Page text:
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Metabolite Trail

People leave a trail of metabolites behind them and researchers are increasingly able to identify them, the Economist writes, adding that these metabolites could be used to uncover personal information about people.

It notes that only recently have researchers been able to sample metabolites from more sources than blood or urine — they can now analyze sweat, saliva, and dental plaque — and databases for identifying metabolites based on their GC/MS profiles have improved. Such data, the Economist says, could reveal a lot about people: how much they exercise, what they eat, or if they take any drugs or medications.

While there are protections in the US barring employers or health insurers from using genetic information, the Economist notes there are no such protections for metabolic data and, further, that others like law enforcement could be interested in what such tests might reveal. 

"The day is coming soon," the University of Oklahoma's Cecil Lewis tells it, "when it will be possible to swab a person's desk, steering wheel, or phone and determine a wide range of incredibly private things about them."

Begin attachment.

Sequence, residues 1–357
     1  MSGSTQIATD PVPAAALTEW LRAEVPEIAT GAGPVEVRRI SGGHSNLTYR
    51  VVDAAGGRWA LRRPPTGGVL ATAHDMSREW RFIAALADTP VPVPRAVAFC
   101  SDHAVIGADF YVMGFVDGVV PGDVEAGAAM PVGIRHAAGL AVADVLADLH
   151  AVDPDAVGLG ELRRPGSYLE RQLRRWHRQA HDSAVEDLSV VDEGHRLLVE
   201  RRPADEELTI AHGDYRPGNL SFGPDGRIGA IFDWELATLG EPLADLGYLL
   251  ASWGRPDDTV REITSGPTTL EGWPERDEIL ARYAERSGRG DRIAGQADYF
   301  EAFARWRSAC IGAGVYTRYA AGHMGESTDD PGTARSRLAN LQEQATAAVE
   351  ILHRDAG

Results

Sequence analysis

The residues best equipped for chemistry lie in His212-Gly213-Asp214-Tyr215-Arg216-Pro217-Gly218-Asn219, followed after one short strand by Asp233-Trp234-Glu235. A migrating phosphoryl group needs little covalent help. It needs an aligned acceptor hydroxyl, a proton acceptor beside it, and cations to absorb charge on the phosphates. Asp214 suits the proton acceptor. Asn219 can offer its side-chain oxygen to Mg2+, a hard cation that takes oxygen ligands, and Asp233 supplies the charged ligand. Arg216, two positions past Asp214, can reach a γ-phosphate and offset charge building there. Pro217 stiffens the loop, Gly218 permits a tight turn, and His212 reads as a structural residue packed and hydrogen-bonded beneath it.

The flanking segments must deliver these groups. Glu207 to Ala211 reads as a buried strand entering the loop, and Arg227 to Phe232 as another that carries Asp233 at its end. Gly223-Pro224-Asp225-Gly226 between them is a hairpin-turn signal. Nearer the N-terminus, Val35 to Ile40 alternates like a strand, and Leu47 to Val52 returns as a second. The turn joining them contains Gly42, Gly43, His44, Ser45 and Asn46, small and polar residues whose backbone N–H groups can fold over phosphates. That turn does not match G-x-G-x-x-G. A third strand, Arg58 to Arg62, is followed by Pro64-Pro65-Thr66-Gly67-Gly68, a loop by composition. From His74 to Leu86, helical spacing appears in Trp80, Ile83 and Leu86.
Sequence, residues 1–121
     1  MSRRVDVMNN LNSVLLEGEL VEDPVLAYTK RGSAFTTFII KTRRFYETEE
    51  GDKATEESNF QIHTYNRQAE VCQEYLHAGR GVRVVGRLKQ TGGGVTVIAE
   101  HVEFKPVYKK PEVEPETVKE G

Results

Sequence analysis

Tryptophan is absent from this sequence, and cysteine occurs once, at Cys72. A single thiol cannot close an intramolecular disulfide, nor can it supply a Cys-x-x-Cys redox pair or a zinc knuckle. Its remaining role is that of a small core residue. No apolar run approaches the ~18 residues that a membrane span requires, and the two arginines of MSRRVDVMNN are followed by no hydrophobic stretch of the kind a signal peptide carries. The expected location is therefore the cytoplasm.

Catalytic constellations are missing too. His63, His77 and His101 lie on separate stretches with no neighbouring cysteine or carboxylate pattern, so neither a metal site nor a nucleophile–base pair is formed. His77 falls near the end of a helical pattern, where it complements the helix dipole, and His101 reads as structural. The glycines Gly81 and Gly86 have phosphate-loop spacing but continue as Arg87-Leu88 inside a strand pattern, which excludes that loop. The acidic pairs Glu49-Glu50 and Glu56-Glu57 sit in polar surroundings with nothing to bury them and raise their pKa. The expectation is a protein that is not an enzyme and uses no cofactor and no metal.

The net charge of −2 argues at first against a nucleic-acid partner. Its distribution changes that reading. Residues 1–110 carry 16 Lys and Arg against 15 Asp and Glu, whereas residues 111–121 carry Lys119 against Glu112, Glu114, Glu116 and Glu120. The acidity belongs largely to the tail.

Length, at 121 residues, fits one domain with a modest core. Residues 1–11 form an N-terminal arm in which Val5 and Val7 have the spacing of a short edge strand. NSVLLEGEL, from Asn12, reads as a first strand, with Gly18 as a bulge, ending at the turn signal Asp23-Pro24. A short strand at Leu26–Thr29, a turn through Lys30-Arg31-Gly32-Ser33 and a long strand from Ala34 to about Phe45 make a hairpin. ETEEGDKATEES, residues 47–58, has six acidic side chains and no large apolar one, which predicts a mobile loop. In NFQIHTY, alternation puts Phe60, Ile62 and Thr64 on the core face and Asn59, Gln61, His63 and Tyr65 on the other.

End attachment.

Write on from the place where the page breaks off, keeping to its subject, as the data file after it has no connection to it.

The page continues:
The Scan

Close Panel Vote on Califf Nomination

The New York Times reports there was a close committee vote to advance the nomination of Robert Califf to lead the US Food and Drug Administration to the full Senate.

Task Force Reports on Scientific Integrity

Nature News writes that that a new task force report recommends that the US establish a cross-agency scientific integrity council.

Across the Hall

Genetic testing, closed-circuit cameras, and more show how a traveler, without any contact, infected others at a New Zealand quarantine facility, CNN reports.

Science Paper Examines Influence of Chromatin Modifications on Obsessive-Compulsive Disorder

In Science this week: genes regulating chromatin modification may contribute to OCD risk.